“If the patient does not require hospitalization, per Centers for Disease Control and Prevention guidelines, the patient may be asked to self-quarantine at home under the guidance and monitoring of the Department of Health.
“We’re also working to ensure our employees are protected- providing education on protective measures and ensuring the proper supplies are well-stocked. Communication is key, and we’re constantly in communication across our system to ensure our employees, clinicians and staff are well-informed and prepared to respond.”
Tenet Healthcare, which operates West Boca and Delray medical centers, has changed its visitation policy “out of an abundance of caution.” It is now prohibiting all children under the age of 12 from visiting its hospitals. It is also now screening all patients and visitors for fever and cough prior to admittance, and will be inquiring about out-of-country travel.
Little League playing it safe
Preventive measures are going on at all levels. As of Saturday, the Boca Raton Little League asked teams to avoid the usual postgame handshakes. A wave or a tip of the cap will do for now.
New tenants at BRIC
Crocker Partners has announced two new tenants at the Boca Raton Innovation Campus.
In a news release, Crocker said the additions are the investment banking firm National Holdings Corporation and technology firm BCN Telecom. They join, among others, Modernizing Medicine at what once was the complex where IBM developed the personal computer.
Crocker bought the campus in 2018. Managing Partner Angelo Bianco said the company is continuing its “repositioning plans” with $100 million of improvements to the buildings to create a tech and life sciences hub for the Southeastern United States.”
According to the release, 64 percent of the 1.7-million-square-foot campus was leased when Crocker bought it with two partners. Now the campus is 92 percent occupied. The renovation will add a presentation hall, a STEAM – Science, Math, Engineering, the Arts and Medicine – lab, a food hall and two coffee shops. The first is named for Marcel Breuer, who designed the campus, and is expected to open next month.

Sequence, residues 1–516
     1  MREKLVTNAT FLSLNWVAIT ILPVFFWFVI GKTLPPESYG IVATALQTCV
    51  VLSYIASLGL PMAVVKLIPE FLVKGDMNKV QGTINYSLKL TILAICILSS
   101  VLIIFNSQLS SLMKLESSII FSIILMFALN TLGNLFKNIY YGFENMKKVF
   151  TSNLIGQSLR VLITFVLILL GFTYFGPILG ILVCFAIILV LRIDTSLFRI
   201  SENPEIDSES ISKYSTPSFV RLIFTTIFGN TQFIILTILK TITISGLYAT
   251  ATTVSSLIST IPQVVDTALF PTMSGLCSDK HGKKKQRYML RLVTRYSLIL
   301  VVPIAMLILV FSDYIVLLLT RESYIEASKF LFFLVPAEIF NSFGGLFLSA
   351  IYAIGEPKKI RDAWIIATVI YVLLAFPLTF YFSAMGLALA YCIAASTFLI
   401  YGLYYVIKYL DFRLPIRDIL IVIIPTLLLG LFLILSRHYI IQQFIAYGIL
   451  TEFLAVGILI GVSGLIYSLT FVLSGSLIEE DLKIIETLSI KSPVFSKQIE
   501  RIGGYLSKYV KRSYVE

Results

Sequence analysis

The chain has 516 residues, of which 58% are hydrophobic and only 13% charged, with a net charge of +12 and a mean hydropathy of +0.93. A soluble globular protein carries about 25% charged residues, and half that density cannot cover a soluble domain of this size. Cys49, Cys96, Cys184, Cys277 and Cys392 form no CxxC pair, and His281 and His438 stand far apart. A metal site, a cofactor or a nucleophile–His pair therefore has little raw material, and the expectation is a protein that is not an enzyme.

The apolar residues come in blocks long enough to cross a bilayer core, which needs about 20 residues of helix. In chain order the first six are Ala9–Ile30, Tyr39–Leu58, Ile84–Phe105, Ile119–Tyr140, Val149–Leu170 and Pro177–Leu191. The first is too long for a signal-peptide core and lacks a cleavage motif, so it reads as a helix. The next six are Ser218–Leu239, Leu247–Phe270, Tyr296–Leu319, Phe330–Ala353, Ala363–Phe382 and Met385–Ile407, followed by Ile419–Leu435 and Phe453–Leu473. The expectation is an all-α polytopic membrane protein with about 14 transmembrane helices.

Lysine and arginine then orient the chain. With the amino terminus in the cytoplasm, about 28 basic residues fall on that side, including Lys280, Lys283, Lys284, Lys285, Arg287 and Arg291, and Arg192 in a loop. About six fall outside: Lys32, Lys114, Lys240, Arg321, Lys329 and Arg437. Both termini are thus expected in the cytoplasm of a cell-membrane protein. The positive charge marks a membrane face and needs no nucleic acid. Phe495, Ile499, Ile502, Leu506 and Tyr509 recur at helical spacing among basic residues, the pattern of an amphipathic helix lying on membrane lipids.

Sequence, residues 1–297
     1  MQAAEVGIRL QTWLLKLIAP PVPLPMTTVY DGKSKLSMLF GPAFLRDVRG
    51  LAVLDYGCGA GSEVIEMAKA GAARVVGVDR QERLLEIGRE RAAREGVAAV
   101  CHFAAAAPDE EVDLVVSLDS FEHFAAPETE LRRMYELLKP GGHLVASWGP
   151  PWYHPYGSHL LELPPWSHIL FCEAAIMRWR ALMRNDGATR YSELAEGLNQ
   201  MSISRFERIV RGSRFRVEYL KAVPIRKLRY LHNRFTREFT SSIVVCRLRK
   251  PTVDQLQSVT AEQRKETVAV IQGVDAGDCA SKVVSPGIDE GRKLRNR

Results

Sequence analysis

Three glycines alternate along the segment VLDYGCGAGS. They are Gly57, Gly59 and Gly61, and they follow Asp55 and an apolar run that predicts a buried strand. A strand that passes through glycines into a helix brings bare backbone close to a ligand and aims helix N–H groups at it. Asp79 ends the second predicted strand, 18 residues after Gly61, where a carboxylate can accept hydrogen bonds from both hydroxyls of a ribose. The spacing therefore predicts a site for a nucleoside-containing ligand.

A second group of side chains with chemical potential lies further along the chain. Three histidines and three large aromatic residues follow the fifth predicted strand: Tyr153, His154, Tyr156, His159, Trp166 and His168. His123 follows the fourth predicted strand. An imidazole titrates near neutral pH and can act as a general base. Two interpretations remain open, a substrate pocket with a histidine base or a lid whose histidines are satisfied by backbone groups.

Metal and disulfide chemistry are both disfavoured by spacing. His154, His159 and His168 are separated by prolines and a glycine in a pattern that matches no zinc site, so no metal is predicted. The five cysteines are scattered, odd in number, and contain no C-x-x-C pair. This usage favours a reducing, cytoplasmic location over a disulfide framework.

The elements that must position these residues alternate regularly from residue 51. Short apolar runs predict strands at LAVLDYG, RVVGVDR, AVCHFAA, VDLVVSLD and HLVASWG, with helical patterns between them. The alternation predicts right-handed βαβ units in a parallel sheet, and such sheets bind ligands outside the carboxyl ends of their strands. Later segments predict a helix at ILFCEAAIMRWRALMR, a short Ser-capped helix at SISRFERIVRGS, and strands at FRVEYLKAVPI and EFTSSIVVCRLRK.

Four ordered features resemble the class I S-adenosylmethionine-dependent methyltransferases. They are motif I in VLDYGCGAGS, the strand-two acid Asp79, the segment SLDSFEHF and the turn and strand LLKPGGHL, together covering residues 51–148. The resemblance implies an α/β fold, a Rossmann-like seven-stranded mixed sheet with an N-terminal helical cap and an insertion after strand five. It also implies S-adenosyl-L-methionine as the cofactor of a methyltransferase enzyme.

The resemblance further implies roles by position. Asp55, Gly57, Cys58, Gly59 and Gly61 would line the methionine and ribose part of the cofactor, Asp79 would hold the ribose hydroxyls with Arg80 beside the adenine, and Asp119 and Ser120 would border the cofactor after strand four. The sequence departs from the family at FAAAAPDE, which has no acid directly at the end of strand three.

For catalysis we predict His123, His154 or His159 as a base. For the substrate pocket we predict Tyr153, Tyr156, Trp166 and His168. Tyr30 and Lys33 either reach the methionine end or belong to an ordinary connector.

The campus is the largest single-facility office building in Florida. With the nearby Park at Broken Sound – formerly the Arvida Park of Commerce – it forms Boca Raton’s largest job cluster.
In October 2015, former Palm Beach Gardens police officer Nouman Raja killed Corey Jones. Raja became the first law enforcement office in Florida in three decades to be convicted of a crime arising from excessive use of force. Raja drew a 25-year sentence.
Corey Jones was a musician, but his day job was with the Delray Beach Housing Authority. His family owns a restaurant in the city called The New Vegan.
At 10 a.m. Thursday, the Delray Beach Community Redevelopment Agency will hold a groundbreaking for the 10-unit Corey Isle Workforce Housing Project. It will be at Southwest Seventh Avenue and Southwest Fourth Street. Members of Corey Jones’ family will attend.
According to the CRA, Bahamians and other Caribbean Islanders settled this part of Delray Beach. To preserve that cultural history, the homes – between 1,800 and 2,300 square feet – will be designed in the American Craftsman style that dates to the late 19th century.
One of the Legislature’s major attempts to preempt local control seems dead.
Lobbyists for Airbnb and its competitors had pressured legislators to exempt vacation rentals from city and county regulations. Instead, regulation would fall to the state, with one set of rules throughout Florida.
Though vacation rentals, done properly, can complement the tourism industry, abuse can turn single-family homes into 24-hour-party sites that disrupt neighborhoods. Some investors have bought multiple units in condos, turning them into businesses.
Preemption bills had advanced through the required committees in each chamber. On Feb. 26, however, the House version was temporarily postponed. Last week, the same thing happened to the Senate version.
The legislative session concludes this week. Bills that get temporarily postponed usually don’t return. I’ll have a wrap-up on the session next week.